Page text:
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--> Acknowledgments This project would not have been feasible without the extraordinary contributions of many individuals and without the generosity of many institutions. We acknowledge with deep gratitude the indefatigable Bob Linn, who, as chair of the Board on Testing and Assessment (BOTA), again supplied wise counsel at every stage of the committee's work. Carl Kaestle, vice chair of BOTA, graciously helped us straighten out our understanding of the historical context of standards-based reform and the federal role in education. Other BOTA members also participated in numerous briefings, read earlier drafts, and made invaluable suggestions for improved language and tone. We thank our exemplary staff: Meryl Bertenthal, Cadelle Hemphill, and Lisa Alston, who joined the BOTA team only 9 months ago and quickly mastered the many aspects of their new jobs. Having now successfully completed the equivalent of a marathon-length run at the pace of a half-mile sprint, they are poised for continued involvement in many of BOTA's future projects. We have been most fortunate to work with Bert Green, an outstanding statistician whose wisdom and scholarship is reflected throughout the report. Bert attended all the meetings, worked tirelessly for greater precision in our language, and was a wonderful colleague. Other members of the BOTA staff—Bob Rothman, Karen Mitchell, Patricia Morison, Viola Horek, Naomi Chudowsky, Lee Jones, Kim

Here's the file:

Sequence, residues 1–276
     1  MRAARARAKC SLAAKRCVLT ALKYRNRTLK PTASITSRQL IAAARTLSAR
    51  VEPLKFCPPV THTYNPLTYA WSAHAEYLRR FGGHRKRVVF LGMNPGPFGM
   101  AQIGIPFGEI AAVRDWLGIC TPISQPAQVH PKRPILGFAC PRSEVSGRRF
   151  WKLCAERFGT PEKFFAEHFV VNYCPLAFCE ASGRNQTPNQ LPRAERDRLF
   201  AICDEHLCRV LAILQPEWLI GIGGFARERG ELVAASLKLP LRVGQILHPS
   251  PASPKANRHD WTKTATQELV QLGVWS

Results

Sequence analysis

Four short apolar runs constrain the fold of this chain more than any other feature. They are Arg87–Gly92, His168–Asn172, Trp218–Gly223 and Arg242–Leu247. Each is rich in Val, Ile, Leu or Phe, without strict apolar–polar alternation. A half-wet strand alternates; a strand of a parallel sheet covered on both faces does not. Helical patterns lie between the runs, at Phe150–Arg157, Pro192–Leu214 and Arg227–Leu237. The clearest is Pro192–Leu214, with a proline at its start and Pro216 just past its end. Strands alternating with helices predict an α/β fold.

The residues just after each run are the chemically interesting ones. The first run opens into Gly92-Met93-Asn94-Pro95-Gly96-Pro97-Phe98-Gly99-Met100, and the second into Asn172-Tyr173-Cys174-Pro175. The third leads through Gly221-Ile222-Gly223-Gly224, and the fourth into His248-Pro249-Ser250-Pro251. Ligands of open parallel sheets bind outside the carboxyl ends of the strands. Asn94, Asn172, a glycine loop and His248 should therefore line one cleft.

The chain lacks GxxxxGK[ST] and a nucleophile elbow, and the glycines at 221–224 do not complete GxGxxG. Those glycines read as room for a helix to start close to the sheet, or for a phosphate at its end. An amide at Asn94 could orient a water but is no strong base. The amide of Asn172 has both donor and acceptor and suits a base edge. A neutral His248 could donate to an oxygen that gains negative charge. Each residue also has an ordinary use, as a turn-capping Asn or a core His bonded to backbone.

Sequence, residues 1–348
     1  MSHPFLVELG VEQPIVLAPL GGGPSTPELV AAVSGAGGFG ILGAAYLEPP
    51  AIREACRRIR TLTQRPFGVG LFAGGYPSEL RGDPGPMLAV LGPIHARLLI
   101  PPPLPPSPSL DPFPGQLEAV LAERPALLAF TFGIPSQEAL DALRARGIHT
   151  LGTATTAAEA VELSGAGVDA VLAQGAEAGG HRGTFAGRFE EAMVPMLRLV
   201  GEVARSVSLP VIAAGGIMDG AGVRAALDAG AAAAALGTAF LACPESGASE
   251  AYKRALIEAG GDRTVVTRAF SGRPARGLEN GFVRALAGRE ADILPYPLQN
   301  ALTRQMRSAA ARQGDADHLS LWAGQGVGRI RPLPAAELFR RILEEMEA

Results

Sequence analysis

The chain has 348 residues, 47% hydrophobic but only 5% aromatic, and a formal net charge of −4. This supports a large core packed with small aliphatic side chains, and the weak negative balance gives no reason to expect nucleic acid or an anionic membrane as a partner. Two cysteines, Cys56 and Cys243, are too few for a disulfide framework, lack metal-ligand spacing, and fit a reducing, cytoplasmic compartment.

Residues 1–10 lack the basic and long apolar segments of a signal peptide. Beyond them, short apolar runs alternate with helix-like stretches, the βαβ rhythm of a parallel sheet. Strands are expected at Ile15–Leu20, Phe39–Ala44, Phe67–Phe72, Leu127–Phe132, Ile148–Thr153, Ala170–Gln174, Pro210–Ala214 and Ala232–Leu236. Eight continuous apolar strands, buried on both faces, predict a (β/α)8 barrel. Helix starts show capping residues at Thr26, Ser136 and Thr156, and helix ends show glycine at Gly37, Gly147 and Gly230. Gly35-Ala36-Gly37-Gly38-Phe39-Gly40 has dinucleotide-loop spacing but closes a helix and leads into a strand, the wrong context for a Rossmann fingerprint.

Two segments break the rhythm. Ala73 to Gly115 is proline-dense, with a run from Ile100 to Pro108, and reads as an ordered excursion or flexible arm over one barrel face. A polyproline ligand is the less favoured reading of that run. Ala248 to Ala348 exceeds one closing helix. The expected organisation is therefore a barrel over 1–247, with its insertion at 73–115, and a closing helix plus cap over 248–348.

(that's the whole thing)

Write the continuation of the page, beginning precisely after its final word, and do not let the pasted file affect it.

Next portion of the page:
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--> Saldin, Alix Beatty, Allison Black, and Steve Baldwin offered advice and support and worked again as an invaluable team even though busy with their respective projects. Nancy Kober's fine editorial and substantive judgment is again evident in this report, for which we thank her. Barbara Torrey, executive director of the Commission on Behavioral and Social Sciences and Education (CBASSE), and Sandy Wigdor, director of CBASSE's Division on Education, Labor, and Human Performance, have been sources of great encouragement and paved many paths from committee formation through report review. We are indebted, also, to the whole CBASSE staff for indulging our scheduling exigencies. Thanks also to Sally Stanfield and the whole Audubon team at the National Academy Press, for their creative and speedy support. Extra special thanks to Eugenia Grohman, the CBASSE associate director of reports. It is hard to imagine how we could have accomplished this and our other concurrent studies without Genie's expert judgment and finely tuned skill at editing and navigating multiple manuscripts. Only grudgingly do we accept that she will now have to turn more of her attention to other CBASSE projects. A word of acknowledgment to the sponsors of this study. We have benefited from supportive and collegial relations with members of the various House and Senate committee staffs—on both sides of the aisle—for whom the results of our work have such important implications. We thank them all for understanding and respecting the process of the National Research Council (NRC). Our contracting officer's technical representative, Holly Spurlock, of the U.S. Department of Education, has been a most effective project officer; we thank her for her patience and guidance throughout. Many other officials in the department, the National Assessment Governing Board, and in numerous private and public organizations involved in testing also deserve our thanks and recognition for their cooperation in providing information. The following individuals provided materials or made presentations to the committee: Edward Slawski, Harcourt Brace Educational Measurement; Sarah Hennings, Riverside Publishing; Stephanie Gertz, CTB/McGraw Hill; Wayne Martin, Council of Chief State School Officers; Bob Schwartz and Matt Gandal, Achieve, Inc.; Don McLaughlin, American Institutes for Research; Mark Wilson, University of California at Berkeley, and Wendy Yen, CTB/McGraw Hill. Their contributions were helpful to the committee's deliberations.